Elijah is still depressed. His declaration of the situation to God focuses on what’s wrong with his ministry. Has he forgotten about Obadiah, the burned-up sacrifice on the Mt. Carmel, or the deluge of rain that came at God’s command? Not to mention the miracles Elijah had done for the widow and her son!
Even after the “theophany,” or encounter with God through a storm, earthquake, and fire, Elijah’s view of his situation remains unchanged. His response was identical. Then Elijah heard the “sound of a gentle whisper,” also known as the “still small voice” in other translations. It was then that Elijah came out from the cave where he had been hiding.
I’m not sure I would want a god that I had to carry around. That doesn’t sound all that appealing. Certainly not very powerful! Our God, on the other hand, is powerful and very much involved in our lives. “I have cared for you since you were born. Yes, I carried you before you were born. I will be your God throughout your lifetime—until your hair is white with age.”
I think, too, of the beautiful image created in the poem “Footprints.” If you’re not familiar with that, imagine your life as a stroll on the beach. You see two sets of footprints in the sand as you are walking with God. Then, during the challenging times of your life, you see only one set of footprints and wonder why God would abandon you. He was carrying you, the one set of footprints belonged to the Lord. That’s the kind of God I want!
Chapters 34 and 35 are considered a match set. In our last reading we had judgment, and in this reading comes the hope. I’m also learning a lot about the literary style of Isaiah. I didn’t realize that scholars see a distinction between First Isaiah (Chapters 1-39) and Second Isaiah (Chapters 40-66). We’ve just read Chapters 34 and 35 which are usually considered a bridge between the two, and Chapters 36-39 are like a snapshot in history that we have yet to cover. I’m always fascinated to learn cool facts about the Bible and how it has been designed with such intention.
We have an intentional God. He has been known to allow certain things for those who love him, as we have seen, that have been less than enjoyable. We can look around our world today and see plenty of examples of that! The important thing for us to keep in mind is there is always hope on the other side of any trial or judgment. “There the Lord will display his glory, the splendor of our God.” We see that time and again in Scripture. It just makes sense that it is a pattern we can trust as well.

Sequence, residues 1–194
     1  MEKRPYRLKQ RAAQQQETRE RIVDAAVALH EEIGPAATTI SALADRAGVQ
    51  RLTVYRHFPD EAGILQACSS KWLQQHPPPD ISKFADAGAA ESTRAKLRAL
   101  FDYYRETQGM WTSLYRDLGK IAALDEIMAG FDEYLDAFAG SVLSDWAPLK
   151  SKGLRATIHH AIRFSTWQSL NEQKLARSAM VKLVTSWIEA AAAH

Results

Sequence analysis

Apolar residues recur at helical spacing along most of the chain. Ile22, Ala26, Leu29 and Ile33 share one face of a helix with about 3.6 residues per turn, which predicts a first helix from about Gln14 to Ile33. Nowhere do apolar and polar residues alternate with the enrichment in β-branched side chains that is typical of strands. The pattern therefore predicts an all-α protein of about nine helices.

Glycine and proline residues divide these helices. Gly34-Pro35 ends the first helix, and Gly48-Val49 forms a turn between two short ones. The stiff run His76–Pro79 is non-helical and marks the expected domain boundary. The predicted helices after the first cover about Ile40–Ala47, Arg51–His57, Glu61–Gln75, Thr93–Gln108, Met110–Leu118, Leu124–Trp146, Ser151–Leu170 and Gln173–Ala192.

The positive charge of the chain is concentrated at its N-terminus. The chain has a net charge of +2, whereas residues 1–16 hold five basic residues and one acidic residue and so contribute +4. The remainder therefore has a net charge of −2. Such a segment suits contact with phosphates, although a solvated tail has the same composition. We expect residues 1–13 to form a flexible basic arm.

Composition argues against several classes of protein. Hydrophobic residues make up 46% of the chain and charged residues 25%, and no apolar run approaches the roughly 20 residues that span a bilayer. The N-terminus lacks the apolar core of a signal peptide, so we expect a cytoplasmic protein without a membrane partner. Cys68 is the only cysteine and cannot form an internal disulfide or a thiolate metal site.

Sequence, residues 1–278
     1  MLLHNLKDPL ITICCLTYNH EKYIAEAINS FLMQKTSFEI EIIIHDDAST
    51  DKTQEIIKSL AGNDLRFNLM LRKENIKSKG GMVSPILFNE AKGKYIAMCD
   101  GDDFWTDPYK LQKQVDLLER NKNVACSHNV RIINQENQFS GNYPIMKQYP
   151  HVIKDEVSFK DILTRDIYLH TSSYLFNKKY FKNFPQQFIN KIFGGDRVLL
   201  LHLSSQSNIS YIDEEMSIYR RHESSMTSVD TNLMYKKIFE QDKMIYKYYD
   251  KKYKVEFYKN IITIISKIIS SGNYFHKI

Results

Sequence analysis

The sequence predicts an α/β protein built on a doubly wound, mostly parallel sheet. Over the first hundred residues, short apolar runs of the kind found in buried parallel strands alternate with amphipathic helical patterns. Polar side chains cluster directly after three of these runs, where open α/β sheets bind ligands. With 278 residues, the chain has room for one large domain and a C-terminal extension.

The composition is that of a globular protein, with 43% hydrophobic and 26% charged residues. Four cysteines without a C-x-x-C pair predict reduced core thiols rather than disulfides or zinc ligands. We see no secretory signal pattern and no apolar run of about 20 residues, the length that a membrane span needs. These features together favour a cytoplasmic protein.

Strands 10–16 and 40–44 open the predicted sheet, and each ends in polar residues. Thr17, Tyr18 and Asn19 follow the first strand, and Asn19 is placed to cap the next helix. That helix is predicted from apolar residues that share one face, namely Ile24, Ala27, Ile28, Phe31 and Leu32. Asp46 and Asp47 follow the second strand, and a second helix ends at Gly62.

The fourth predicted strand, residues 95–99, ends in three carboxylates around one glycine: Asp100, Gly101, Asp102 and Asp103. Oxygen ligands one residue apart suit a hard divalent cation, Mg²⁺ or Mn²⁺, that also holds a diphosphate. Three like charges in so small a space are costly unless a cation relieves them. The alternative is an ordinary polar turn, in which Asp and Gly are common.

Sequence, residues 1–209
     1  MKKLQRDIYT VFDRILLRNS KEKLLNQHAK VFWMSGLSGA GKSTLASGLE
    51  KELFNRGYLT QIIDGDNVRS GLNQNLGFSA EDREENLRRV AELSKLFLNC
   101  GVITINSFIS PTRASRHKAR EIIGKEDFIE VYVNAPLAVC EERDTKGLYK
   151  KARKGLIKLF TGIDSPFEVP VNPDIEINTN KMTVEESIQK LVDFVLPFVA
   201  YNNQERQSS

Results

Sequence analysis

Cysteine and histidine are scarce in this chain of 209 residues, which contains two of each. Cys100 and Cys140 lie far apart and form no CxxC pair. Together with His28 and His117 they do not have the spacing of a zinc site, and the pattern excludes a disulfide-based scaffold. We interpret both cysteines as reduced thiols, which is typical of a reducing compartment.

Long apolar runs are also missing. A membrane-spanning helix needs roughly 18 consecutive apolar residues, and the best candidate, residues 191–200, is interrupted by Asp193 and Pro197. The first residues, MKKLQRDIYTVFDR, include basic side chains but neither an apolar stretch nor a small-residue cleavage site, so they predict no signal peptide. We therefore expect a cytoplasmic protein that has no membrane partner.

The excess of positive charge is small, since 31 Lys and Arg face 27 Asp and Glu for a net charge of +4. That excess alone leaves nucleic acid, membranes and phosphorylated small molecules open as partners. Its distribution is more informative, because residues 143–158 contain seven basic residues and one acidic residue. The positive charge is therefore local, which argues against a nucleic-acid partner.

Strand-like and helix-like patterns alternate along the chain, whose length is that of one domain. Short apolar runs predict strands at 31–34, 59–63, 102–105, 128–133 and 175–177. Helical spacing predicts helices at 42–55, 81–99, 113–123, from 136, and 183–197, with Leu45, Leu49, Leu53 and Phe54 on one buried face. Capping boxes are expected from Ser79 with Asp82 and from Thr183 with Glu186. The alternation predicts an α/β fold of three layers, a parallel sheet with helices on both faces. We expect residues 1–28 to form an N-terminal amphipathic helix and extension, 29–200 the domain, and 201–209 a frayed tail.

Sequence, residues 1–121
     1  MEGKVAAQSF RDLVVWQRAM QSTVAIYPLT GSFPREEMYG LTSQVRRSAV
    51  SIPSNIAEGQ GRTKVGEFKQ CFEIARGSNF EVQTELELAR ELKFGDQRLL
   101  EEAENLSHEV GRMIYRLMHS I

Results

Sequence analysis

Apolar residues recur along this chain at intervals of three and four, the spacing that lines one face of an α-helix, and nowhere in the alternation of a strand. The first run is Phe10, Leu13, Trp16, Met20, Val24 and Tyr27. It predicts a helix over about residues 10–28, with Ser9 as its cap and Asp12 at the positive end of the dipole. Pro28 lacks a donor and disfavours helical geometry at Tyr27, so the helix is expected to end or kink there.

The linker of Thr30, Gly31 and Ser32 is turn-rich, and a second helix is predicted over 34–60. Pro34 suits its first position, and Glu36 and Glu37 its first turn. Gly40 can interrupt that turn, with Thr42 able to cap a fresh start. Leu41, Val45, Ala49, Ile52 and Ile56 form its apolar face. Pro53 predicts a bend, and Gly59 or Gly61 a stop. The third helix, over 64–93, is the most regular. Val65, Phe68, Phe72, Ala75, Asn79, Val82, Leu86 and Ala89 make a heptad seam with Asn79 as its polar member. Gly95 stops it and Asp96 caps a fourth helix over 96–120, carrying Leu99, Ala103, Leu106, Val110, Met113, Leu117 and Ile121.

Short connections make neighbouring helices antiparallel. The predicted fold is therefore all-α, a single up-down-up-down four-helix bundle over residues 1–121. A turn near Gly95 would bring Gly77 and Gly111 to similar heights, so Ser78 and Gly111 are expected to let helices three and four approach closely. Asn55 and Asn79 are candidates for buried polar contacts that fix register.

Then at last, those who are left remaining after all is said and done, “will faithfully trust the Lord, the Holy One of Israel.” That was God’s hope at least. He didn’t want them to depend on the Assyrians or other powers. God wanted the people to trust him. God is also making a statement by allowing, if not orchestrating, the oppression that is to befall them. It is a definite “wake-up call” to see who is going to stay the course and represent the remnant.
Isaiah has done a great job of painting the picture of the destruction coming their way. As a result of their actions and behaviors, “the Lord, the Lord of Heaven’s Armies, has already decided to destroy the entire land.” There was nothing that could be done to stop it. The people would see terror like their ancestors had at the hands of Egyptians. Those memories were no doubt kept alive and remembered each time Passover was celebrated. For those that listened to Isaiah, God had given them a hope to cling to.
What was the first thing that went through your head when you read today’s text? For me, it was singing Handel’s Messiah with several different choirs over the years. The song “For Unto Us A Child is Born” is now running through my head. But before this glorious promise of a child, there is a time of darkness and despair. Isaiah’s words are meant to give the people a glimmer of hope, or a light at the end of the tunnel, so to speak. The promise, when fulfilled, will be bigger than anyone could have imagined.
Don’t you love these words, “The people who walk in darkness will see a great light. For those who live in a land of deep darkness, a light will shine.” I don’t know about you, but I feel like we, too, are living in a world full of darkness. There are many people who are feeling oppressed, unheard, and stifled in sharing their faith in Jesus. It seems like the darkness is taking over the land. My confidence is in Jesus, and I stand firm knowing Jesus is the light of my salvation (and yours, too). The apostle John referred to Jesus as the “light” in John 1:9, “The one who is the true light, who gives light to everyone, was coming into the world.” I love who John is inclusive here of “everyone.” Jesus came for all the world.